OTTAWA - Canada's scandal-tainted minority Liberal government is set to be defeated after 17 months in power, triggering the first winter election campaign the country has seen in more than 25 years.
The three opposition parties, which control a majority of seats in the House of Commons elected chamber, say Prime Minister Paul Martin is presiding over a corrupt administration and must be forced from power.
Parliament will vote at about 6.45pm (12.45pm NZT) tomorrow on an opposition motion which states "That this House has lost confidence in the Government."
Martin, who has no hope of winning, will announce the date of the following day and thereby kick off the campaign. The most likely date of the vote is either January 16 or January 23.
Opinion polls show the probable result is another minority Liberal government. Martin's party only holds 133 of the 308 seats in the House of Commons and has been relying on the left-leaning New Democrats to govern.
New Democrat Jack Layton declined to answer when asked whether he would work with the Liberals after the election.
"There are the hypothetical (questions) that we'll be asked I'm sure for weeks to come," Layton told CTV.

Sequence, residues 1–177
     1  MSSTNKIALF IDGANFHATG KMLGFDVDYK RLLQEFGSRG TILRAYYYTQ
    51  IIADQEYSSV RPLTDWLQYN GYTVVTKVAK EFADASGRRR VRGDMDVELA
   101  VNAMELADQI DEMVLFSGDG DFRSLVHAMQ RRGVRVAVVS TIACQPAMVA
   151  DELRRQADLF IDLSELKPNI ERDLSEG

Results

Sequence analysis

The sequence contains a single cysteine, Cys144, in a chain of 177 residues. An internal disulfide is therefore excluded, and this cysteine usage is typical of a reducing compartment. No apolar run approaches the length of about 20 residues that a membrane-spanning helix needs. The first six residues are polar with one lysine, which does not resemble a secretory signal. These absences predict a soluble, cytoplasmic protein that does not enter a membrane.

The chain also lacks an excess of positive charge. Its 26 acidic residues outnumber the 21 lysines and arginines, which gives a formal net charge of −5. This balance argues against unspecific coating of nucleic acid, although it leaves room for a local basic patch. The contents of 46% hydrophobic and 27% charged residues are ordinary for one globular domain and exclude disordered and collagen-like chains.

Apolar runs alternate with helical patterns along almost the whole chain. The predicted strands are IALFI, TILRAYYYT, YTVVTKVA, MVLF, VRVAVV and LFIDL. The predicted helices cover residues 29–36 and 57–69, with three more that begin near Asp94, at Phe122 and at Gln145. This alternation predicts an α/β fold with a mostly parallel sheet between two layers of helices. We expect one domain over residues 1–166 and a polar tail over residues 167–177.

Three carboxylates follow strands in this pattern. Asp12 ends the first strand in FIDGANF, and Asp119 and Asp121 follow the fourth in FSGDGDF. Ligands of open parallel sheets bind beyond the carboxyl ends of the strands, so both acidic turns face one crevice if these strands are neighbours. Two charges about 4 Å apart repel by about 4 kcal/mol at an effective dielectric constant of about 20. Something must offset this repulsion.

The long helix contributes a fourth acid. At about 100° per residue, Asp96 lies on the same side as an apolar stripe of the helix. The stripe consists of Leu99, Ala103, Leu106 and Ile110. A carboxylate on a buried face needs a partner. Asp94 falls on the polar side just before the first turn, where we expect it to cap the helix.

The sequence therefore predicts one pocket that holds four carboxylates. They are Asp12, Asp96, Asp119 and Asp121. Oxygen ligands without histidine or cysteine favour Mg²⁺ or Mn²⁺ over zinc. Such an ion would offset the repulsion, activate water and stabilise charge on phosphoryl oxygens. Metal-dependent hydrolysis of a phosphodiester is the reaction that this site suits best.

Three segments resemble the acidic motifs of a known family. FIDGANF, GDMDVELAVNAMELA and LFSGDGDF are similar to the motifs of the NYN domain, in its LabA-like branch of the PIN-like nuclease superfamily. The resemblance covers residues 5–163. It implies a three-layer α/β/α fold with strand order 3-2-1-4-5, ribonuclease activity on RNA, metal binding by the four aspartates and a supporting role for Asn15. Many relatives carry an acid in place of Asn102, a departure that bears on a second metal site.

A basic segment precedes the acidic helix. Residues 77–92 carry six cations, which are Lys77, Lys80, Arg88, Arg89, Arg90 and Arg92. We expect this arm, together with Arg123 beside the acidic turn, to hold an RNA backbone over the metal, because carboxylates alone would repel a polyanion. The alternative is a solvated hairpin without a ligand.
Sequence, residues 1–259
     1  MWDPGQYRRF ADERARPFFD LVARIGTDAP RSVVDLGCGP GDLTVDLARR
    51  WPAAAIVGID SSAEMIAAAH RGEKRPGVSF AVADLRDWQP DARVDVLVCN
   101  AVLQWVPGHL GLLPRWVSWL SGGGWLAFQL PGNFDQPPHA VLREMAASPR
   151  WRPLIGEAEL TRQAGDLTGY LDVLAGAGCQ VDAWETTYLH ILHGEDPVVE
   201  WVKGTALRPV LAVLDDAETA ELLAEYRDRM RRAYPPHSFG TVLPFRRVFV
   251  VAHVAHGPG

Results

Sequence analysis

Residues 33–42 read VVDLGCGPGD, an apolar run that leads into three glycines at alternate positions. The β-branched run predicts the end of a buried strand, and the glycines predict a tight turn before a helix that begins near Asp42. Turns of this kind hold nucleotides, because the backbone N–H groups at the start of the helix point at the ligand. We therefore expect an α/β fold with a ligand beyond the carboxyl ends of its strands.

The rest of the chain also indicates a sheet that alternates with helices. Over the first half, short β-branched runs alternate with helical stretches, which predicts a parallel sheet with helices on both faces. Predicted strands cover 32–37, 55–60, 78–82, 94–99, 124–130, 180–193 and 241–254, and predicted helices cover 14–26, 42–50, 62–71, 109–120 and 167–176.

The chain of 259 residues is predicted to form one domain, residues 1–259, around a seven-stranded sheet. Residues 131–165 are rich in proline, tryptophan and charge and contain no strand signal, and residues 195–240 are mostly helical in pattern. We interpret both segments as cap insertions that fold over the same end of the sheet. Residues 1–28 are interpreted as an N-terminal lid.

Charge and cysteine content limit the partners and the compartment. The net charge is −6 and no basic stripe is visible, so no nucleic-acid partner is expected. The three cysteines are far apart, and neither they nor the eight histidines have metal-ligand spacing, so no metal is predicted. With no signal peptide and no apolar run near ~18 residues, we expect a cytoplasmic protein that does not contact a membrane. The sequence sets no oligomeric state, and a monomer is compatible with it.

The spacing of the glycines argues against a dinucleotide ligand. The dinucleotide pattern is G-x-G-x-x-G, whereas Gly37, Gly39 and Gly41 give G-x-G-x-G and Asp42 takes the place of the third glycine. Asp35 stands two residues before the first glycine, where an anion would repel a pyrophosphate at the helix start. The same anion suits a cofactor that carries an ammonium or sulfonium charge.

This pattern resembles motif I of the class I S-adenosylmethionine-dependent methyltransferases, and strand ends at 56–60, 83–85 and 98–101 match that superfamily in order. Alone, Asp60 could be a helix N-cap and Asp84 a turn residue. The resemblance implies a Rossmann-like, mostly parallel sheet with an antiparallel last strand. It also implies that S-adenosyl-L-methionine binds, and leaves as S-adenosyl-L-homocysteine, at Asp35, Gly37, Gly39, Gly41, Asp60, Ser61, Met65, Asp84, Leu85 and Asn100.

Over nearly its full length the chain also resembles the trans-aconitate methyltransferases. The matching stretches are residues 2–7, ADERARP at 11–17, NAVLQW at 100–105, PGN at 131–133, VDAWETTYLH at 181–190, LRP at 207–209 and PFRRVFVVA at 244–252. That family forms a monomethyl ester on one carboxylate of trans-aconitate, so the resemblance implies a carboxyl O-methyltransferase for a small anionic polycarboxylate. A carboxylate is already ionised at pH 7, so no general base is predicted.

Layton and the other opposition leaders will focus on what they say is Liberal wrongdoing while Martin said he would point to the booming economy. Canada is the only member of the Group of Eight leading industrial nations to run a budget surplus, and unemployment is at a 30-year low.
"Under a Liberal government, our nation has gone from pauper to powerhouse," Martin said in a weekly radio address, reminding listeners that Finance Minister Ralph Goodale had earlier this month promised to introduce broad tax cuts.
"Unfortunately, the opposition is bent on forcing a holiday election, so most of those tax cuts won't get approved right now. But they'll be at the top of our agenda if we are re-elected," said Martin.
The government has announced spending measures worth more than $C10 billion (NZ$12.3 billion) in the last week or so, prompting the opposition to accuse Martin of trying to buy voter support.
The Liberals have been in power since late 1993 but never really recovered from revelations in February 2004 that some party officials had funnelled $C100 million from a government sponsorship fund to Liberal-friendly firms.
Martin -- who became prime minister in December 2003 -- lost his parliamentary majority in the June 2004 election amid anger over the scandal, which is still one of the driving factors in Canadian politics.
Stephen Harper, leader of the official opposition Conservatives, said last week the scandal showed the Liberals were linked to organized crime. He dismissed Martin's angry demands that he apologize for his comments.
"The Liberals need to apologize to Canadians for the sponsorship corruption, and the Liberal Party needs to come clean about the tens of millions of sponsorship dollars still missing," Harper said in a statement over the weekend.
The Conservatives say they will bring in deep tax cuts and crack down on violent crime if they win the election.
The last winter election in Canada was in February 1980, when the then minority Conservative government lost to the Liberals of Pierre Trudeau.